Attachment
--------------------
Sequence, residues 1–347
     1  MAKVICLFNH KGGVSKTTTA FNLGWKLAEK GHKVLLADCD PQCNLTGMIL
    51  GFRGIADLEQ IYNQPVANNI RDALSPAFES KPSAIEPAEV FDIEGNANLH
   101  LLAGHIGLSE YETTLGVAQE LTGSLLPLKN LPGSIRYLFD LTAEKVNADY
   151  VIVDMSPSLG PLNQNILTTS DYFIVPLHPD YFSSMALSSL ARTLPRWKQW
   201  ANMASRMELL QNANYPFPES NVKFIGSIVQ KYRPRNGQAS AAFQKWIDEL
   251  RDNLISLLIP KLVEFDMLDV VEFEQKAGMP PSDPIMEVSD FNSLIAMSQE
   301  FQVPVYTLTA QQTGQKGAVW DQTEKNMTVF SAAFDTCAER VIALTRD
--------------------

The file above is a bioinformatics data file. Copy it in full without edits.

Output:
Sequence, residues 1–347
     1  MAKVICLFNH KGGVSKTTTA FNLGWKLAEK GHKVLLADCD PQCNLTGMIL
    51  GFRGIADLEQ IYNQPVANNI RDALSPAFES KPSAIEPAEV FDIEGNANLH
   101  LLAGHIGLSE YETTLGVAQE LTGSLLPLKN LPGSIRYLFD LTAEKVNADY
   151  VIVDMSPSLG PLNQNILTTS DYFIVPLHPD YFSSMALSSL ARTLPRWKQW
   201  ANMASRMELL QNANYPFPES NVKFIGSIVQ KYRPRNGQAS AAFQKWIDEL
   251  RDNLISLLIP KLVEFDMLDV VEFEQKAGMP PSDPIMEVSD FNSLIAMSQE
   301  FQVPVYTLTA QQTGQKGAVW DQTEKNMTVF SAAFDTCAER VIALTRD